In terms of infrastructure, 12 new passenger rail stations were opened in 2008 where none had existed before, and three inferior stations were replaced with improved new ones.
Will ridership trends continue upward? In a faltering economy with fewer job opportunities and hence, need for commuting and travel in general, quite possibly not. However, with car repossessions all over the country turning two-car households into one-car households, it's possible that the railroads will be an increasing presence in the lives of those lucky enough to live in the regions they serve.Permalink | Comments: 1 | Post a Comment |
Friday, August 15, 2008
Three Layers of Housing Development in East New York Expose Society's Priorities
The neighborhood of East New York, Brooklyn, offers an interesting window into the changing values of American society over the 20th and early 21st centuries, as expressed through architecture. The different types of buildings that exist there trace the neighborhood and city from optimistic heyday to a society that had retreated from the public realm and turned inward, to the current revitalization.
Walking around the neighborhood it is clear that there have been three types of urban growth to be built over the years. I'll describe each one and speculate about what the architecture says about the people who built each layer.
Layer 1: Early 20th Century Row Houses
The first wave of major development came during the first three decades of the 20th century between the 1903 opening of the Williamsburg Bridge and the opening of the BRT subway c. 1908 and the IRT subway in 1922. The photo at the top shows examples of the residences built during these years: two story rowhouses often with wide porches. Here's another photo.
These porches provided the occupants of each building with a front-window into neighborhood life and social interaction. Today's residents have maintained the tradition by putting chairs up. These sturdy buildings, flush with and enclosing the street, stood for some sixty years. Then the neighborhood entered the crisis decades in New York's history, the 1960s and 70s, with the associated white flight from the city, arson, high crime and general mayhem and urban decay. One intellectual current during this time was the notion of "planned shrinkage" advanced by Roger Starr, which advocated curtailing city services (like police and fire protection) to neighborhoods like East New York and the South Bronx that by the 1960s had a low-income population. The goal was to allow these neighborhoods to lose population so that there would be enough money to keep the city center flourishing.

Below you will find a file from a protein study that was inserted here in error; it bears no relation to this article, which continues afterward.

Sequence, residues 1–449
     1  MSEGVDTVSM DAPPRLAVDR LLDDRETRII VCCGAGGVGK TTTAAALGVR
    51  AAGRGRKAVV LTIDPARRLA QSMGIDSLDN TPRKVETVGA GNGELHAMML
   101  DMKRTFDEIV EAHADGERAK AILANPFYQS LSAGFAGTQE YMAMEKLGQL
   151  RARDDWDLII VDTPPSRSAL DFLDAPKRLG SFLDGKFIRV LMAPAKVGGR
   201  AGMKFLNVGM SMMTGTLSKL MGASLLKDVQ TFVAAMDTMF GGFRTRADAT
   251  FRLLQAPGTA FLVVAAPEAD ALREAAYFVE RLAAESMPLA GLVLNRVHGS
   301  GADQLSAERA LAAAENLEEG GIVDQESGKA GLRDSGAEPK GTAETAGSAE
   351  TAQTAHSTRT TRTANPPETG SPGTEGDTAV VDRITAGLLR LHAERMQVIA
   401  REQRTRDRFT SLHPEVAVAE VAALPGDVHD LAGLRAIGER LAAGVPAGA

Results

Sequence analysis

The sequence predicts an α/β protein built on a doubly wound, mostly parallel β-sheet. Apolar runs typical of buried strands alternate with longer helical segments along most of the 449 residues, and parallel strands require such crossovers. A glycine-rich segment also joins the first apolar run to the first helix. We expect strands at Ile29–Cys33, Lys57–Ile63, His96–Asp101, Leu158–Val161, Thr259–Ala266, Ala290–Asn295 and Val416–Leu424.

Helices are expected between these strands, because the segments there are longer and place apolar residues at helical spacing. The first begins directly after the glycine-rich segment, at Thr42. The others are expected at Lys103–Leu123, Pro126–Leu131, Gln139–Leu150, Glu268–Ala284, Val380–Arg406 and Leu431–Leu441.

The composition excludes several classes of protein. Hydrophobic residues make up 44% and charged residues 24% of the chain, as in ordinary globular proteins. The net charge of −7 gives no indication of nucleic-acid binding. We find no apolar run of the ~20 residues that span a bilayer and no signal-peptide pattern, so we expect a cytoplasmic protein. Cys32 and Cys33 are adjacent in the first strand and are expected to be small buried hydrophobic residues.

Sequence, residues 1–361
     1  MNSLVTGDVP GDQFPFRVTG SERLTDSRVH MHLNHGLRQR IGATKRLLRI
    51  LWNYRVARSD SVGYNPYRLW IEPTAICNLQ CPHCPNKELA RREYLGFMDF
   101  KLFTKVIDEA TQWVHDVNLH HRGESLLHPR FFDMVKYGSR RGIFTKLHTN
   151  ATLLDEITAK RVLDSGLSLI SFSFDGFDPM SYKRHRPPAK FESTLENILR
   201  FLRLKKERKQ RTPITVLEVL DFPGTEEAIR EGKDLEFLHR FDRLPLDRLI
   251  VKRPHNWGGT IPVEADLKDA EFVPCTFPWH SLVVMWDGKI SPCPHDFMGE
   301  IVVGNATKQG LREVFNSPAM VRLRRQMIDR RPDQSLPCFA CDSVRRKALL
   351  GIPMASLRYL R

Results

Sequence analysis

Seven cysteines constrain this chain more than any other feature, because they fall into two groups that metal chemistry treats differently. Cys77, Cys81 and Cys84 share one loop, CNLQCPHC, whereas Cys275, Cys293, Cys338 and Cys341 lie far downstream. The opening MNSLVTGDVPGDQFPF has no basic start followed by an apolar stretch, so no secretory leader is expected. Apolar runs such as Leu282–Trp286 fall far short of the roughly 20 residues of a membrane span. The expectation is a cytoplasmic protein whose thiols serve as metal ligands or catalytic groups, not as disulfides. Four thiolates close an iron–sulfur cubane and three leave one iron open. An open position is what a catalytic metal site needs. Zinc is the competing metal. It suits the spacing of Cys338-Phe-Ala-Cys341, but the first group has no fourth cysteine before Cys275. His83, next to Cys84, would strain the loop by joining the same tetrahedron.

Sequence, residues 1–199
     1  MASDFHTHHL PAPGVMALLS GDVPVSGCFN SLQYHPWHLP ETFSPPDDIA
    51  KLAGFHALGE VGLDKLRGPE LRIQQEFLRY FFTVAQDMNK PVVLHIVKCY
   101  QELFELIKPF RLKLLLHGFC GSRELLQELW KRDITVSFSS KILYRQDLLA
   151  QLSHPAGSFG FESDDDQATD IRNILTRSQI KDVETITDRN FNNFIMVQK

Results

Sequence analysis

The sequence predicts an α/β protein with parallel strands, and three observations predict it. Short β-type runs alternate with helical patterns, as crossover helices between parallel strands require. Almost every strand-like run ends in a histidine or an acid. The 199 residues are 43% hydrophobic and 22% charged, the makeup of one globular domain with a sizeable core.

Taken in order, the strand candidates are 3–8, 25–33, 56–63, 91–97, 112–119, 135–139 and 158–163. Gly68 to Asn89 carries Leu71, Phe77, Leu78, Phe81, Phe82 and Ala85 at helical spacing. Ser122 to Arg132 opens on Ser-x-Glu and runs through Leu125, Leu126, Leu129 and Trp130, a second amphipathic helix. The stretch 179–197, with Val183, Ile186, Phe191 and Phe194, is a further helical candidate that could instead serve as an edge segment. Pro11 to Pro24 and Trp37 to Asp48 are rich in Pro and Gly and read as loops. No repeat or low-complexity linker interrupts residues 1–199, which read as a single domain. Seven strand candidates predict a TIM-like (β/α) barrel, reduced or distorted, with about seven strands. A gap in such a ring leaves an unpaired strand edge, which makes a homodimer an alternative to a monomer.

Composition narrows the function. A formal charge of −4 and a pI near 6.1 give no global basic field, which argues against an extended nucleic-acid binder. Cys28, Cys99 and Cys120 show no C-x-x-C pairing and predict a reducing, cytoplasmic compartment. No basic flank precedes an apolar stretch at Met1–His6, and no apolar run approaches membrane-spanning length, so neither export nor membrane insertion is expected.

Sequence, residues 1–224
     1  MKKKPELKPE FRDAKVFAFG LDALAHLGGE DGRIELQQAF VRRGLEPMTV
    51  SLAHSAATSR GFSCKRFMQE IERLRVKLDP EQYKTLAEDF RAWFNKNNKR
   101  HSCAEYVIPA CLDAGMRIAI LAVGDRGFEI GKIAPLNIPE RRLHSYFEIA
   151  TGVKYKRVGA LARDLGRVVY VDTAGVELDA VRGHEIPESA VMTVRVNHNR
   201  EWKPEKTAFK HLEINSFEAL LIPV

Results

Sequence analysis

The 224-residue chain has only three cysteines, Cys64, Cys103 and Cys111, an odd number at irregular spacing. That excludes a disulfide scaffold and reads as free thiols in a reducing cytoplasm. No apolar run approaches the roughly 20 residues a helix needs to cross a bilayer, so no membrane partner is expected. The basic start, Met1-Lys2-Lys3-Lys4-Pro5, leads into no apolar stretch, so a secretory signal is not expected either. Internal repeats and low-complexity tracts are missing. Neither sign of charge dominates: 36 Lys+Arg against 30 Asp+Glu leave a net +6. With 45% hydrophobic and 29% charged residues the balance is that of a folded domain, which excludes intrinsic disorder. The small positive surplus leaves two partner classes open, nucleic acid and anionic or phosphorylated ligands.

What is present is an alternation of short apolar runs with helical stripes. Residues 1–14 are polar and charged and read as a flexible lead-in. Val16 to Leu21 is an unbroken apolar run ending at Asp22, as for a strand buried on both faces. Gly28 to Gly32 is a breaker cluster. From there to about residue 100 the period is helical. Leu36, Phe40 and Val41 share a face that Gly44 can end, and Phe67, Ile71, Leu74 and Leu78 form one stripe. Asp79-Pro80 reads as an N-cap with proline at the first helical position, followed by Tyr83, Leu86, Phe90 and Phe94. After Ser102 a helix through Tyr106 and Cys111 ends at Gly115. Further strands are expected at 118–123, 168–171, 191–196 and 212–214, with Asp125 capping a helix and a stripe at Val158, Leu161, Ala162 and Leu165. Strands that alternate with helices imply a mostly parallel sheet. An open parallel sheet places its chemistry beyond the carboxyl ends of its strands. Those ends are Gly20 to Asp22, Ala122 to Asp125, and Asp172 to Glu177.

For further reading on planned shrinkage and the crisis decades more broadly, see Jill Jonnes, South Bronx Rising; Walter Thabit, How East New York Became a Ghetto; Deborah and Rodrick Wallace, A Plague on Your Houses; Roberta Brandes Gratz, The Living City (ch. 7 on planned shrinkage, ch. 8 on urban dispersal); and many others.
The policies did what they were intended to do, and by the 1980s, East New york was filled with blocks and blocks of empty lots, with just a few scattered buildings remaining. But lo and behold, people still needed homes, and people still wanted to live in East New York.
Layer 2: 1980s to Today: The Nehemiah Houses
All this empty land tempted officials like Ira D. Robbins into large-scale development representing a kind of suburbanization of formerly urban land, similar to but not quite as egregious as what happened at Charlotte Street. This is what Jane Jacobs would condemn as "Cataclysmic Development," or too much development happening at one time. But worse, she would say, not only was it large scale, it was too low density, lacking in the concentration of people needed to create that inherent advantage that the city enjoys over suburbia: a robust and active street life.